New Cleveland schools health clinics plan moves forward with ARPA funding
Cleveland City Council Monday approved $3.7 million in American Rescue Plan Act funds to help Cleveland Metropolitan School District stand up three new brick and mortar health clinics in school buildings, along with funding a broader "Integrated Health Initiative" to help student, family and employee physical and mental health.
It's still to be decided which schools will host the new health clinics, which will be staffed by local healthcare providers like MetroHealth. Cleveland schools CEO Eric Gordon told Cleveland City Council's Workforce, Education, Training & Youth Development last week that the criteria for where is based on what neighborhoods most need additional access to health care resources. Some CMSD schools already have health clinics in them, while others have hospital-affiliated clinics nearby.
"We're also looking at a map that MetroHealth manages on health care deserts," Gordon said. "So what part of our community have absolutely no health care?
Outside of the three new clinics - which will be built out or created by renovations in school buildings with the ARPA funds provided by Cleveland City Council - the broader Integrated Health Initiative has several other components, according to an executive summary, including:
- Outfitting schools with the supplies for a "medical cart" and equipment including cold storage for vaccines, "medical supplies, and/or a private room available and equipped for telehealth and mental health appointments."
- Updating the technology needed for telehealth appointments and building secure and soundproof spaces in school buildings to utilize those telehealth services. Those telehealth services will include mental and physical health consulting.
- A beefed up communication campaign to get the word out about the initiative, with the key being schools getting parental consent for students to use the health services.
Councilman Joe Jones asked Gordon how much funding the school district still has from its own federal COVID-19 rescue distribution. Gordon responded that about $299 million has been accounted for so far, with another $165 million still to be spent by June 2024. Jones ultimately ended up voting for the integrated health proposal but reminded Gordon that the city has plenty of other things it needs to use its relief funding on.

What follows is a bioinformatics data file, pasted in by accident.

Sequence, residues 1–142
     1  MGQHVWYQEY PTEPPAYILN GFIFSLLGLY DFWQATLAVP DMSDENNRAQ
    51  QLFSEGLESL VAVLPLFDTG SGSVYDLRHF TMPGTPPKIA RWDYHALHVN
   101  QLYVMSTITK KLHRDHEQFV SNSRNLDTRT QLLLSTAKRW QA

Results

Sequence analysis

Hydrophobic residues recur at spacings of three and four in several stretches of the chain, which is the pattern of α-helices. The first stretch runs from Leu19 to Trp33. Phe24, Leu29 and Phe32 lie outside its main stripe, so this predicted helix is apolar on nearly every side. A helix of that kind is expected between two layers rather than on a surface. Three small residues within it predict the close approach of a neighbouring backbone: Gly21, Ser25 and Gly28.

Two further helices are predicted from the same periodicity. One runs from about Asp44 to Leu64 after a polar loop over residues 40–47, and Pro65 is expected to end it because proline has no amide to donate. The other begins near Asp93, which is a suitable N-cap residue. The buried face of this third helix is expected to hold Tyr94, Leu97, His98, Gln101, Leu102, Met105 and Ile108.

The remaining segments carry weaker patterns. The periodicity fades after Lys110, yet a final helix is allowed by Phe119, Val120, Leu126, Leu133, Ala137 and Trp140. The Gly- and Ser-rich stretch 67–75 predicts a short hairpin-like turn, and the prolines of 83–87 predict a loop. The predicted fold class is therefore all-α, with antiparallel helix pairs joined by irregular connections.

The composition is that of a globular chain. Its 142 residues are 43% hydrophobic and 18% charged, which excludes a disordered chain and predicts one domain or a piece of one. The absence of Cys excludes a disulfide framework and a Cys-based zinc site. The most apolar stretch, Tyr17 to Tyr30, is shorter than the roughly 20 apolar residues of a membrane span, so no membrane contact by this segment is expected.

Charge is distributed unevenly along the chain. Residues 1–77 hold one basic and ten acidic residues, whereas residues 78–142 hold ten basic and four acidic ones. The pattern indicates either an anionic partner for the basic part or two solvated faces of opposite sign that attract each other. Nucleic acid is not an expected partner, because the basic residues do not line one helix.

"We have capital projects that have not been allocated (funds) to," Jones said. They're still sitting in the queue from ten or 15 years ago. Work that needs to be done in the city of Cleveland where we need to allocate those funds."
Gordon says the district has budgeted about
$10 million dollars over the next five years for the program and will hopefully be able to continue it after that.
"That would presume that we continue to be financially solvent, which we are projected to be, and that it would presume that at the point that we do need to return to the ballot for a levy, that this would be one of the things that we share with the public that was an investment with the last levy dollars," he said.
He added that the program should be sustainable from the health care providers' side because the providers who staff those clinics can bill Medicaid or families’ insurance for the care. He said schools in Toledo have already seen great success with a similar program.
Gordon said the health initiative is leveraging other investments the district has already made and partnerships it has with community agencies (40 alone were listed in the executive summary of the request to council). CMSD last year announced it had hired a full-time nurse for each school building, along with a counselor in each building and partnered with local agencies to provide access to psychologists for all students.
"Research shows the benefits of school-based health care to promote academic success, quality of life, and equity, including boosting school attendance and decreasing disciplinary actions, increasing access to affordable, ongoing health insurance, and creating a more positive school culture that fosters learning," the executive summary reads. "Proven interventions like school-based healthcare are desperately needed to reverse the dramatic impact of COVID-19 on school attendance and student stress levels, challenges that can impact graduation rates and subsequent employability."
The clinics will be open during the summer months, Gordon said.